Public Charge: An Overview
“Public charge,” as defined by the former Immigration and Naturalization Service (INS, now U.S. Citizenship and Immigration Services, or USCIS), refers to an individual who is likely to become “primarily dependent on the government for subsistence, as demonstrated by either the receipt of public cash assistance for income maintenance or institutionalization for long-term care at government expense.” The term describes people who cannot support themselves and who depend on benefits that provide cash—such as Supplemental Security Income (SSI) or Temporary Assistance for Needy Families (TANF)—for their income. An individual who is likely at any time to become a public charge is inadmissible to the United States and ineligible to become a lawful permanent resident.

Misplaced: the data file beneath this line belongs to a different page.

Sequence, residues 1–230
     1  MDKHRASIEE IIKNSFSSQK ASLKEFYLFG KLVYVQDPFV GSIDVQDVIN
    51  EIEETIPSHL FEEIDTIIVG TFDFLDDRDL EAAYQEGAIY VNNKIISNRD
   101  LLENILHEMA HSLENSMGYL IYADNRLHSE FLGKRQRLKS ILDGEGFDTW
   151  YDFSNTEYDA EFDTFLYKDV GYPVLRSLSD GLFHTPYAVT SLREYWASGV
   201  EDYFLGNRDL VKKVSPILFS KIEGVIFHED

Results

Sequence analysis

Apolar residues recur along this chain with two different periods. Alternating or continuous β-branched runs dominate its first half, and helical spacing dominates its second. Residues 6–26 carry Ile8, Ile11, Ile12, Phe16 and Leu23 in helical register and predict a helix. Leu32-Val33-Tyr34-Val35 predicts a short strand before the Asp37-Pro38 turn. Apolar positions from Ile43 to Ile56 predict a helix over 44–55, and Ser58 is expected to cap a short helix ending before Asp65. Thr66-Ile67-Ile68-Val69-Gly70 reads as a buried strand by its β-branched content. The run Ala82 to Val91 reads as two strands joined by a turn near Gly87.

A number of factors are considered in determining whether an individual is likely to become a public charge. These include the individual’s age, health, income, family size, education, and skills. No single factor will determine whether an individual is a public charge. Although the government can look at whether the individual used cash welfare, it cannot make its decision based only on what happened in the past.
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